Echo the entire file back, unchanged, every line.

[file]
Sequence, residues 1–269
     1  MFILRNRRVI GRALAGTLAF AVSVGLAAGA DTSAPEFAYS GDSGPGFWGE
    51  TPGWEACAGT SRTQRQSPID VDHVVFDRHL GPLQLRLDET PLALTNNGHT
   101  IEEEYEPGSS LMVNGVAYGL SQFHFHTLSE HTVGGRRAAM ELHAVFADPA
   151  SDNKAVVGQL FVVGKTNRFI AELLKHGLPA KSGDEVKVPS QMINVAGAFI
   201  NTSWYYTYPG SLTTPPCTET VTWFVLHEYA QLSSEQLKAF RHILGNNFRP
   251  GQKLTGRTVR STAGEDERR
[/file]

Sequence, residues 1–269
     1  MFILRNRRVI GRALAGTLAF AVSVGLAAGA DTSAPEFAYS GDSGPGFWGE
    51  TPGWEACAGT SRTQRQSPID VDHVVFDRHL GPLQLRLDET PLALTNNGHT
   101  IEEEYEPGSS LMVNGVAYGL SQFHFHTLSE HTVGGRRAAM ELHAVFADPA
   151  SDNKAVVGQL FVVGKTNRFI AELLKHGLPA KSGDEVKVPS QMINVAGAFI
   201  NTSWYYTYPG SLTTPPCTET VTWFVLHEYA QLSSEQLKAF RHILGNNFRP
   251  GQKLTGRTVR STAGEDERR